To use all functions of this page, please activate cookies in your browser.
With an accout for my.chemeurope.com you can always see everything at a glance – and you can configure your own website and individual newsletter.
- My watch list
- My saved searches
- My saved topics
- My newsletter
Oxaloacetic acid is an organic compound with the chemical formula HO2CC(O)CH2CO2H. It also has other names (see Table) and its conjugate base is called "oxaloacetate." This four-carbon dicarboxylic acid is a protonated variant of oxaloacetate, which is an intermediate of the citric acid cycle and gluconeogenesis. Oxaloacetate forms upon oxidation of L-malate, catalysed by malate dehydrogenase, and reacts with Acetyl-CoA to form citrate, catalysed by citrate synthase. It also forms in the mesophyll of plants by the condensation of CO2 with phosphoenolpyruvate, catalysed by PEP Carboxykinase. It can arise from pyruvate via an anaplerotic reaction.
The enol forms of oxaloacetic acid are particularly stable, so much so that the two isomers have different melting points (152 °C cis, 184 °C trans). The enol proton has a pKa value of 13.02. The enzyme fumarase A from E. coli catalyses the conversion between the keto and enol forms.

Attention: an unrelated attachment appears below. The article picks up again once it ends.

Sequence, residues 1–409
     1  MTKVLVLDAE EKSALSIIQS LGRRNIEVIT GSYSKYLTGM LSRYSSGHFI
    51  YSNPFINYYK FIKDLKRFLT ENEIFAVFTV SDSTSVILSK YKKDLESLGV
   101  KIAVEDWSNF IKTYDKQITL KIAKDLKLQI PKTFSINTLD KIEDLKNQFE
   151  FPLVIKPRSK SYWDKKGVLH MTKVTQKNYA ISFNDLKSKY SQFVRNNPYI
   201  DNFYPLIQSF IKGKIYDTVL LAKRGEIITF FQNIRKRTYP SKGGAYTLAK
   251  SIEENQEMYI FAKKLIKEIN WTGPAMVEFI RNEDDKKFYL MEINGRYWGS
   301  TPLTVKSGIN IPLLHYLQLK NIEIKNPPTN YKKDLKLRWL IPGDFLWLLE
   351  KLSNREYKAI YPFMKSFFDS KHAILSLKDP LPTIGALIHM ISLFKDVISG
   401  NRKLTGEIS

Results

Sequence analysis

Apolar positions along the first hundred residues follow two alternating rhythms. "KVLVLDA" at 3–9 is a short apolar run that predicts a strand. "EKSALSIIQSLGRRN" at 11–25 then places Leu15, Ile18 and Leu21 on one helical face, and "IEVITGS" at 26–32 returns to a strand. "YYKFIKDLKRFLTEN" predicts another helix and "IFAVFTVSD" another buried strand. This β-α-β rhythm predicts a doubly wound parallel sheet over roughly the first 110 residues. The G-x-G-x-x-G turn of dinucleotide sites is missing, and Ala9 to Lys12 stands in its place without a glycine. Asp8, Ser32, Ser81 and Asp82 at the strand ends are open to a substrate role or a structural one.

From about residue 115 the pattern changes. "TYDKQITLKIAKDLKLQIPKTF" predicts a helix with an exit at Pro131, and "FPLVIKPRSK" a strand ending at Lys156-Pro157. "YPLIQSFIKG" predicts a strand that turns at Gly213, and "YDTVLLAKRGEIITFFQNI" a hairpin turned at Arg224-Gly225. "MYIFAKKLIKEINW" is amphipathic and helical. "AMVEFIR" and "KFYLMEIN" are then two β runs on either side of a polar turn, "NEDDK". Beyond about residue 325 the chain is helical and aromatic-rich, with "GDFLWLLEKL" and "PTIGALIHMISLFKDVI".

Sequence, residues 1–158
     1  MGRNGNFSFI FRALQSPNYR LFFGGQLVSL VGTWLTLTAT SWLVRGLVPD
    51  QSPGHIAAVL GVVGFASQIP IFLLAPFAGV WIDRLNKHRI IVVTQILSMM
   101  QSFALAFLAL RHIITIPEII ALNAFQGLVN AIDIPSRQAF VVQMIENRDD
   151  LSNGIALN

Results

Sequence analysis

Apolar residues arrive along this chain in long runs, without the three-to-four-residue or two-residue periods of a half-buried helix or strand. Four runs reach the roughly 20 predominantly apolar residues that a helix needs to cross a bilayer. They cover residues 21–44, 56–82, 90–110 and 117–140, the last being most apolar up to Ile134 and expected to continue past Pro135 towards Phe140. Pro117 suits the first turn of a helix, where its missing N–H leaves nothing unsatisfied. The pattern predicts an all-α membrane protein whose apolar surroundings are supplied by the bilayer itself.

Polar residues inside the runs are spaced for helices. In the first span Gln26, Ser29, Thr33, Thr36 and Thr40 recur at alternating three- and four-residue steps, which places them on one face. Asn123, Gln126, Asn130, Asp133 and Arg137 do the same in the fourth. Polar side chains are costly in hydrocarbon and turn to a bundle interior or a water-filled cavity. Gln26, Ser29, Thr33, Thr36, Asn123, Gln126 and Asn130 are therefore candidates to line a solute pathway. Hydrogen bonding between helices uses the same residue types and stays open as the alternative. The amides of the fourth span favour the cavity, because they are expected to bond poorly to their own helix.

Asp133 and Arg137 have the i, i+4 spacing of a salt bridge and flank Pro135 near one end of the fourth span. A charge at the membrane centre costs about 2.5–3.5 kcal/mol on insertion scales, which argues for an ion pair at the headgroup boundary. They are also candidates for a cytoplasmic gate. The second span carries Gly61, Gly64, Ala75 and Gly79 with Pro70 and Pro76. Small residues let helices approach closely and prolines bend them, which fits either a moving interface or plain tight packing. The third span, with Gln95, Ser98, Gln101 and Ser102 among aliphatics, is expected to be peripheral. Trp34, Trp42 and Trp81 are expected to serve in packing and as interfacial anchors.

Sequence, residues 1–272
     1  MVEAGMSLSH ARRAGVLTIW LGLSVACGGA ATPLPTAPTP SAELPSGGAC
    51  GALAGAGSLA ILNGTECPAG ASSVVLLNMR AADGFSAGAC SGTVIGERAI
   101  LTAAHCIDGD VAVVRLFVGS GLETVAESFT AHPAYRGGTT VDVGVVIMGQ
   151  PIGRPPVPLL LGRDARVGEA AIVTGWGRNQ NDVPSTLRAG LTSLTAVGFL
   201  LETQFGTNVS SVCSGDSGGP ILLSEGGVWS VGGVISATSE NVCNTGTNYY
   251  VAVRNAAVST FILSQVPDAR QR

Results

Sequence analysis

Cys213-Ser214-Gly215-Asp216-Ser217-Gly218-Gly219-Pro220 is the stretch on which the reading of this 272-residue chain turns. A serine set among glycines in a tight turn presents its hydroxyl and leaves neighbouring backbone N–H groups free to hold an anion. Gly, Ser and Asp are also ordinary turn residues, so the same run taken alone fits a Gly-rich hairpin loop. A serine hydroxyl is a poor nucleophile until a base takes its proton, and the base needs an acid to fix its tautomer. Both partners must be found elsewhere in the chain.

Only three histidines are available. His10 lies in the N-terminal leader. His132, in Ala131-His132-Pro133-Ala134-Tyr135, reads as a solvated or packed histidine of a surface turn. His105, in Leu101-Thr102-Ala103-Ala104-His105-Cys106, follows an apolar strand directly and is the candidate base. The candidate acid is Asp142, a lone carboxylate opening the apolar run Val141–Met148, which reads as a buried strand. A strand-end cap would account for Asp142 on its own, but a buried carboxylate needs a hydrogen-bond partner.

Oxaloacetate is unstable in solution, decomposing to pyruvate by decarboxylation over a period of hours (room temperature) or days (0 °C). Refrigerated storage of the solid is therefore recommended.
|This article is licensed under the GNU Free Documentation License. It uses material from the Wikipedia article "Oxaloacetic_acid". A list of authors is available in Wikipedia.|